Oseberg ship is the oldest known (the 9th century) Viking longship as well as the best-preserved one to have ever been discovered thanks to the blue clay and turf covering the ship. It was discovered by Oscar Rom who purchased his neighbor’s house in 1903 in a farm outside Tønsberg, a Norwegian county of Vestfold. After his discorey of the ship remains, Rom went to Oslo to inform the archaeologist Professor Gustafson from the University Museum of National Antiquities.
After investigation, Gustafson confirmed that it was a ship burial site from the Viking Age. Then, he purchased the land and begun excavations in summer, 1904. Gustafson and his team revealed one of the most important discoveries of the Viking history in three months.
The structure of the ship was crushed due to the weight of the earth and stones. It took 21 years to piece the burial ship back together. 90% of the timber used in the reconstruction was original. Today, the Oseberg Ship is exhibited in the Viking Ship Museum in Oslo.
Oseberg longship became an icon for the Viking history.
The rich decorations with animal and human figures on the prow and stern as well as the bowhead carved into a spiralling snake head reflect the expertness of Vikings.
The ritual of burying people in a ship is probably a symbol of status.
Two women were found inside a purpose-built wooden tent decorated with woven tapestry in the middle of the ship. The timbers of the tent were dated back to 834 AD via dendrochronology. According to the rediocarbon test resullts, the women also died around the same time period.
Experts reached several informations about the women through scientific investigations. For instance, one of the women died between the ages of 70-80, while the other passed away around 50-55. Their diet consisted mainly of meat, a luxury during that age as most Vikings ate fish. The younger woman’s teeth were in good condition, showing that she used a metal toothpick to clean her teeth. This was also a luxury item for the 9th century. However, there was no clue about the way she died.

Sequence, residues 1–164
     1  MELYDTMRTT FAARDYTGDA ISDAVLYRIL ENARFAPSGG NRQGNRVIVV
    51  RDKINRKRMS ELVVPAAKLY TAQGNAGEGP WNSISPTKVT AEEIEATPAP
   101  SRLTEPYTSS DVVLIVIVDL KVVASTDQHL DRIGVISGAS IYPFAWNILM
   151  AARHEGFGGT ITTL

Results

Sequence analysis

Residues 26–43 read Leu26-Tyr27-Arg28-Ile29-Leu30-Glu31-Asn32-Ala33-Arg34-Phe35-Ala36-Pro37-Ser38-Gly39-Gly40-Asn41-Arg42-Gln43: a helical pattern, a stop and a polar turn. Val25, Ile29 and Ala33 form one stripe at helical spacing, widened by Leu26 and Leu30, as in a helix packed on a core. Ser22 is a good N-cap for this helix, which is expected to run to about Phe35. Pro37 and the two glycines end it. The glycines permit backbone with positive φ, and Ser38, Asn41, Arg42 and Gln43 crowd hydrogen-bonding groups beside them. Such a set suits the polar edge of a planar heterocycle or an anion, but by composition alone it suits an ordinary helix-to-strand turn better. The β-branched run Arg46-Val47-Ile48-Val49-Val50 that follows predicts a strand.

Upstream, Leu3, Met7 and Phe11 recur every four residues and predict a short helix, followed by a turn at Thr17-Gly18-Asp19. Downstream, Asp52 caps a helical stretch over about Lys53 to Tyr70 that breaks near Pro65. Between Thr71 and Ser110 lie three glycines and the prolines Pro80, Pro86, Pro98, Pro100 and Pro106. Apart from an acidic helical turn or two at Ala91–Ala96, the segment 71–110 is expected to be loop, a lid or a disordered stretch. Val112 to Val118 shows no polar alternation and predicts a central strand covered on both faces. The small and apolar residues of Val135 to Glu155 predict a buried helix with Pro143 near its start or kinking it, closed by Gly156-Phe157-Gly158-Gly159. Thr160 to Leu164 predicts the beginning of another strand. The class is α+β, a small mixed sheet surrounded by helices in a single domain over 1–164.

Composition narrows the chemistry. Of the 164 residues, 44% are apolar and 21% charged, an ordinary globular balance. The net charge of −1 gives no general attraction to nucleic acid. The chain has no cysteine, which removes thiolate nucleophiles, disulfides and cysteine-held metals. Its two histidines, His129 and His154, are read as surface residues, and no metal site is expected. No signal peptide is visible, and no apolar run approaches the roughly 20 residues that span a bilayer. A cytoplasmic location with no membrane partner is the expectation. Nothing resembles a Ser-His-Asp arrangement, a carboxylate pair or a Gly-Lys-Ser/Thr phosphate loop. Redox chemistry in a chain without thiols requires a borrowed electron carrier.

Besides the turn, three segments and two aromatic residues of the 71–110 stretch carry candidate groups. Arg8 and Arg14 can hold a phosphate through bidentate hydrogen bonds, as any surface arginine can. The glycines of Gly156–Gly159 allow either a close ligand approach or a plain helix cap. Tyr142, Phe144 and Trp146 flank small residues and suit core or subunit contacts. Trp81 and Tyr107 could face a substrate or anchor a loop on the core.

As for the older woman, it was discovered that she died of cancer. Because of insufficient DNA, the relationship between them is still unknown. Nevertheless, multiple theories have been suggested abiut their identities. Most popular ones are a Queen and her daughter or an aristocrat and her slave. The latter is more probable because an Arab traveller, Ahmad ibn Fadlan, wrote how he witnessed the sacrification of a slave with their master during a viking burial during the 10th century. So, the younger woman, whose cause of death is unknown, could be a slave.
Several everyday items and animal skeletons were found in the Oseberg ship as well.
The discovery of bones from 15 horses, 6 dogs and 2 oxen most likely represented sacrificial animals that were to serve the buried women in afterlife. This provides further information on the Viking beliefs about death.
Moreover, several items were scattered within the burial. These included a neatly designed cart (the only one belonging to the Viking Age found so far), three decorated sleighs, pieces of luxury textiles, five finely carved animal heads, beds and other everyday items like farming tools and combs. A bucket decorated with two humans sitting in a lotus position is labelled the ‘Oseberg Buddha’.
Gustafson also stated that theirs was not the first excavation of this site. According to him, the burial was robbed of its valuable metals by treasure hunters in the Middle Ages.